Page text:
At one time you were darkness, but now you are light in the Lord. Walk as children of light.

Ephesians 5: 8

Light and dark, images that describe the two ends of the day and that also depict the beginning and the end of our earthly days as we are born out of the darkness into the light of the world outside of the womb and then we end our days by returning to the darkness of the grave. These same light verses dark concept reflects the conduct of life during the hours in the middle of our days and in the days of our earthly journey. Although people are faced with many decisions that seem to be shaded in gradations of grey, in fact, all of a person’s personal morality and its ethical underpinning is founded upon beliefs that are either darkened or enlightened.

The source of all light in this world can be traced to God. He is the author of all that is just, right, loving, and merciful on earth. In the Lord’s design for this world and in its original creation, these characteristics of God were universally present. Even the darkness that was the result of the way that the earth travels in its orbit about the sun was infused with the same holiness as was the day. Yet, rebellion and sinfulness shattered that perfection and brought a counter-God force into being in all of creation. Now, as people are born into that light of the sun, we are all still darkness dwellers in our hearts and to the depths of our souls. Thus, each person starts life in conflict with the light of righteousness that is the nature of Christ.

However, that same Christ from whom we flee is actively and aggressively seeking after us and pursuing relationship with each person on this earth. The light of the Lord seeks to replace the darkness of sin and death in the hearts and the minds of all people, and as we accept Christ, His light becomes who and what we are. Although we are now true children of the light that is the character and the nature of God, the darkness that was ours from birth still attempts to assert itself into our daily journey. So, Christ implores His followers to reject the darkness that attempts to enfold us, to confess the times when it shows up in our thoughts and actions, and to turn away from its hollow allure as we claim the victory over sin that is found in the glory of Christ in us.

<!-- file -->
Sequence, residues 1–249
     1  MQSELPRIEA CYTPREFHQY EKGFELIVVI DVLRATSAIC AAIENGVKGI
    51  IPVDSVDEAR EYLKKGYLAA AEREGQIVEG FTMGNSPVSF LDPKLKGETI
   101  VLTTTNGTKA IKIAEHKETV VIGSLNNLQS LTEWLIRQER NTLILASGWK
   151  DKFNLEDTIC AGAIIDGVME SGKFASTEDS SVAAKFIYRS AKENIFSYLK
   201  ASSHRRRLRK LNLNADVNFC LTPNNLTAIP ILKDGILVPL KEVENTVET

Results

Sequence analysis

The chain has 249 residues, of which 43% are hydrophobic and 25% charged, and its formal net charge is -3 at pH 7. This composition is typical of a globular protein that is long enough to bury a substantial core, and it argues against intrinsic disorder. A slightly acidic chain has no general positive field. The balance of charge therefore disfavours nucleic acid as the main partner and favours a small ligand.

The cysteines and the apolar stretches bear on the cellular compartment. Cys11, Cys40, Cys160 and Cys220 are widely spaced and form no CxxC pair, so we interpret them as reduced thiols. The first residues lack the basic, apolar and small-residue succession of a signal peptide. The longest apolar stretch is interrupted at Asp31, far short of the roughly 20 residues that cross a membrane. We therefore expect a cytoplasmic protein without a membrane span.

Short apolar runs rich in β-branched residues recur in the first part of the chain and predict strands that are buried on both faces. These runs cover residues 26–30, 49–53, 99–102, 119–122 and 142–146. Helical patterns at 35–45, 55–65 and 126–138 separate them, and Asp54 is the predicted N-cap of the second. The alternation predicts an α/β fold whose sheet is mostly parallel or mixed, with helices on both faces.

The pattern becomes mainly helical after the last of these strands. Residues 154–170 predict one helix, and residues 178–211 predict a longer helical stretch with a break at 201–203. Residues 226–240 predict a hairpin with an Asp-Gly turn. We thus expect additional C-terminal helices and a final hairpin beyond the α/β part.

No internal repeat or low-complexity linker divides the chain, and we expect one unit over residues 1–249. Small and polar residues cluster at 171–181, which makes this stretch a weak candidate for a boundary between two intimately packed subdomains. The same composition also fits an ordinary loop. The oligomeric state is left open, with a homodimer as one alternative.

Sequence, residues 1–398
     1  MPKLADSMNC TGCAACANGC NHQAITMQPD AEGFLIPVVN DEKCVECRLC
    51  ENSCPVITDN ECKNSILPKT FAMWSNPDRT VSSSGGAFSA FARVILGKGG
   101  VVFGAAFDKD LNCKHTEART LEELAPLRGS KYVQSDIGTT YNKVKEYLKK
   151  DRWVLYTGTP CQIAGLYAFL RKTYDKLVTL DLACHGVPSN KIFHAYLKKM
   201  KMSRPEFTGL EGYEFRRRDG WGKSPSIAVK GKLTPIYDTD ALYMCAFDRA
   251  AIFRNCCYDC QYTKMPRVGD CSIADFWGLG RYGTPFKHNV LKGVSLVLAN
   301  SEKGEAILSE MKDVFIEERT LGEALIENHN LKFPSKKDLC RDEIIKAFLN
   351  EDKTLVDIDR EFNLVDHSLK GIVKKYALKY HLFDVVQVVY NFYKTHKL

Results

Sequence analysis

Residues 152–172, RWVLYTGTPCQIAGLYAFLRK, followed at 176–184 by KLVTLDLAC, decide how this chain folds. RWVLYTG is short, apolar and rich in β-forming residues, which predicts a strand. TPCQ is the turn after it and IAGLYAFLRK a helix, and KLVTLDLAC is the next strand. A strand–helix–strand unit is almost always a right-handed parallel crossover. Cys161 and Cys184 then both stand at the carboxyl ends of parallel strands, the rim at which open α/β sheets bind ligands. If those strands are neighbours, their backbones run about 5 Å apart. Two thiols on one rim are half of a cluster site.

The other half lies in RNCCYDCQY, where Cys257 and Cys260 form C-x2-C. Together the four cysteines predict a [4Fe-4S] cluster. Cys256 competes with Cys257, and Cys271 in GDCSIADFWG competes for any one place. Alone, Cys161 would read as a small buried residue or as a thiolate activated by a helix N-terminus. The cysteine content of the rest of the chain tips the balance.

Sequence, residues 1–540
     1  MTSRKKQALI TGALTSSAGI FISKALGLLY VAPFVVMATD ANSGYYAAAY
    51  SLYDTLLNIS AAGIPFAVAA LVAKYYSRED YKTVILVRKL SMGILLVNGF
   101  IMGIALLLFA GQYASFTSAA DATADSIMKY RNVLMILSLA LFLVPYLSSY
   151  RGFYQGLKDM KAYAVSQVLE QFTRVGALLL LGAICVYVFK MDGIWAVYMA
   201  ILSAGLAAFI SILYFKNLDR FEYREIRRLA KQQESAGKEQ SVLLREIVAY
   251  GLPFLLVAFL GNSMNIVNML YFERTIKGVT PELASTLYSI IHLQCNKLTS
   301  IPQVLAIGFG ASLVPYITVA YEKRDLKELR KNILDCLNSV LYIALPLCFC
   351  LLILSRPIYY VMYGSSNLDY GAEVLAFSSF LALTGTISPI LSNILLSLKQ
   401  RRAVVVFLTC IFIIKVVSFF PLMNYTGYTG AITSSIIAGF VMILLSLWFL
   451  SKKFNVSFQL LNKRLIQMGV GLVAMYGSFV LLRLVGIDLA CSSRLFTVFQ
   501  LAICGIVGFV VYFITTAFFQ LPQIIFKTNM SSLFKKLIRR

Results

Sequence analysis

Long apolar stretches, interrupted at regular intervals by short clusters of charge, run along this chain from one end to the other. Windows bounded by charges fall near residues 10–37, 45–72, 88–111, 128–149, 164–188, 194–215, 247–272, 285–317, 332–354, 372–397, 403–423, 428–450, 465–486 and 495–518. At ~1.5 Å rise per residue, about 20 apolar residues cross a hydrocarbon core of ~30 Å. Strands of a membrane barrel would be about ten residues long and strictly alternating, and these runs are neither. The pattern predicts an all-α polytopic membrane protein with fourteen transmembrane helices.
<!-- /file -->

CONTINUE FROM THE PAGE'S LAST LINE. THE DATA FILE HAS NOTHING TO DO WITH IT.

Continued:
But according to His promise we are waiting for new heavens and a new earth in which righteousness dwells.

2 Peter 3: 13


Waiting is a natural part of life. Some of us are better at it than are others. Some things are worth waiting for, too. These would include opening gifts on a special day, a long planned vacation, and God’s provision of a special person to share life with. Other waits such as that endless time in the lobby of a dentist’s office and sitting in your car on the side of the road while the police officer is writing out the ticket are less rewarding. All of us need to patiently hang in there while time makes its slow journey through our days. However, for people who know God, it seems that the hardest waiting of all is filled with the daily struggle of living in a world that is desperately broken and where vicious evil does its work.


We want the Lord to step in and to change it all. We can easily get caught up in the idea that there is something that I should be doing to change the way that my community, country, and our world system of governance are going. Perhaps if I prayed more, spoke out boldly, or stopped paying my taxes as a form of protest, then things would begin to change. People want answers that we can understand and that we can act upon. We seek to elect the right people to office; then, we are disappointed when they turn out to be filled with their own versions of the same frailty and compromise as were their predecessors. Nationalistic loyalty, what we call patriotism, takes over our hearts and influences our minds into believing that the answer to what is wrong with our world can be found in our particular nation’s heritage and system of government, if only our leaders would stay true to that foundational course.